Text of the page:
tm1637a.display(2,a3);
  tm1637a.display(3,a4);
  tm1637b.display(0,a1);
  tm1637b.display(1,a2);
  tm1637b.display(2,a3);
  tm1637b.display(3,a4);
  tm1637c.display(0,a1);
  tm1637c.display(1,a2);
  tm1637c.display(2,a3);
  tm1637c.display(3,a4);
  tm1637d.display(0,a1);
  tm1637d.display(1,a2);
  tm1637d.display(2,a3);
  tm1637d.display(3,a4);
  tm1637e.display(0,a1);
  tm1637e.display(1,a2);
  tm1637e.display(2,a3);
  tm1637e.display(3,a4);     
}

No error was shown while compiling and uploadind.  But only the first two displays are displaying the value..  Rest of the displays are off..  In between the third display displayed jst two digits. I cant understand what is the problem..  Please healp me out..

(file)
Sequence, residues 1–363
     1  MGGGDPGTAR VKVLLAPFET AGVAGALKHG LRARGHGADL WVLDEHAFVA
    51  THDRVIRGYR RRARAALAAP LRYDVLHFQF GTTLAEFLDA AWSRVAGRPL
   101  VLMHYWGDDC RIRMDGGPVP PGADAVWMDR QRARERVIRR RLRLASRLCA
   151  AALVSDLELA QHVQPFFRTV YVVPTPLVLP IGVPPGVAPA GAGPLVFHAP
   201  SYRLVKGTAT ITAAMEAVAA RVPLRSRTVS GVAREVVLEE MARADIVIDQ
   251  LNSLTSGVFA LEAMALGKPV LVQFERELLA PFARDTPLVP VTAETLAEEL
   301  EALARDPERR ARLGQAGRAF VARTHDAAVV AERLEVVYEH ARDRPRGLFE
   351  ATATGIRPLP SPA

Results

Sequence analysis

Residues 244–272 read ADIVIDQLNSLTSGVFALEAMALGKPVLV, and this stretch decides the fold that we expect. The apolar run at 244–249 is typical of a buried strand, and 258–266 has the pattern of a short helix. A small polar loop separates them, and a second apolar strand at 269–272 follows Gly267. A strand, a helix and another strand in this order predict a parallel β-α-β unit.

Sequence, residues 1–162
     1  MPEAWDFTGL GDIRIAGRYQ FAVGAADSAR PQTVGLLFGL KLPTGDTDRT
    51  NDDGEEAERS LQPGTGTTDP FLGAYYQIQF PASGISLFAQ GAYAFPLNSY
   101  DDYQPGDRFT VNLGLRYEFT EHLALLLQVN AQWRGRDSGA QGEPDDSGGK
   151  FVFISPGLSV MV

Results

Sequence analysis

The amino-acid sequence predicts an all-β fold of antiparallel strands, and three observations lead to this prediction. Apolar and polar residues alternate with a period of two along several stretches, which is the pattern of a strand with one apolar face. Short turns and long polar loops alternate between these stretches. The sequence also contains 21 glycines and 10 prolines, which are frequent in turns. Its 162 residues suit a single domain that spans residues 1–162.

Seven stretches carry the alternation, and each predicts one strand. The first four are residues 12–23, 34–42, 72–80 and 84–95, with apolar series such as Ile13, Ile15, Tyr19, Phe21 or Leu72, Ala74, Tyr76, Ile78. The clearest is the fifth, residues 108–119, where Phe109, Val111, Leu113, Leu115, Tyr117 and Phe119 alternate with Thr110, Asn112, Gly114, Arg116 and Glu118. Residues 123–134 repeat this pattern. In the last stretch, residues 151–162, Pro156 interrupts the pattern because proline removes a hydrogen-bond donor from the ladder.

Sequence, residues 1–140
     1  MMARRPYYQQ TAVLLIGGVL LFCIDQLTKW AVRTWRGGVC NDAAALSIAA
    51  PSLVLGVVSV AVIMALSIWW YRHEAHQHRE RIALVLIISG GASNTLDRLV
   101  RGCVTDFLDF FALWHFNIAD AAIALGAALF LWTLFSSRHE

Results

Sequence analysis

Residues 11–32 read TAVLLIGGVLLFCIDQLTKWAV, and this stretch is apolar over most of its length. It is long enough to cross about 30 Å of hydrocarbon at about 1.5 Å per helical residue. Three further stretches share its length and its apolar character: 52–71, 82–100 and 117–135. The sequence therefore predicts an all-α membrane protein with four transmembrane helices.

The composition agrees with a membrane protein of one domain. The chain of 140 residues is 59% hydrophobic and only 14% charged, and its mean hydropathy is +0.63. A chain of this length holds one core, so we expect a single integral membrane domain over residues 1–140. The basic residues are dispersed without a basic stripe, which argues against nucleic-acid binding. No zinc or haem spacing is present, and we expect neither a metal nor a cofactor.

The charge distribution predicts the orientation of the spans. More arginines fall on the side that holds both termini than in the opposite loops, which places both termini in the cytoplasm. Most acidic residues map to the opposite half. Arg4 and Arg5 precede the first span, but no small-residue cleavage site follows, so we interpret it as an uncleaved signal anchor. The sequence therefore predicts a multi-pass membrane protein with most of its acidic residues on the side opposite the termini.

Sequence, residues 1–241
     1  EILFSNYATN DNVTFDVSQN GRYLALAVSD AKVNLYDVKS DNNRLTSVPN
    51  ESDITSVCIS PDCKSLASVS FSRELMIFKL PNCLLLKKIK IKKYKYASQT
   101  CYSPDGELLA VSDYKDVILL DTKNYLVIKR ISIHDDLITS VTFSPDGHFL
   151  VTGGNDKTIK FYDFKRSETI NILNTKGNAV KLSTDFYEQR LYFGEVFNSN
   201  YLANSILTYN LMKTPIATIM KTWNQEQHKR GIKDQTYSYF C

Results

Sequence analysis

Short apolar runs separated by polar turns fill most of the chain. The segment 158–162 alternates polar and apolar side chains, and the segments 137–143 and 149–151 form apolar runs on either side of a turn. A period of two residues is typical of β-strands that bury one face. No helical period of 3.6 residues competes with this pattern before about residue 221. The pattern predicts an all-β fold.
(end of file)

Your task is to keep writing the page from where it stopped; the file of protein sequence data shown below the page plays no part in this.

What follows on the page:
ASHIK A S

Paul__B

A crude in circuit check with a Fluke 83 in capacitance mode gives a value of 370pF, so not a 100x wrong, and they do work.
Well, if it actually works with those components, then that may be OK, but I would be somewhat suspicious about in-circuit testing of capacitors in digital circuits (which will of course, show the characteristics of connected digital lines, but is quite likely to be affected by the protection diodes, and possibly reducing the measured value for all I know).

What is the case, is that I removed the capacitors from my older board(s) and measured them out of circuit as 10 nF.  (I do however need to check whether I removed them from the boards I have purchased most recently.  :smiley-eek: )



I was not successful when trying to have 4 displays. Appears  ESP8266 board does  not have enough power.
Or you may have been using boards with the wrong capacitors still fitted.  The point is it may work with them, or it may not.  With the wrong capacitors it is an "edge" case - you are working against a serious design problem, in which case you must expect it to be unreliable and an otherwise minor change such as paralleling more devices could easily be the breaking point.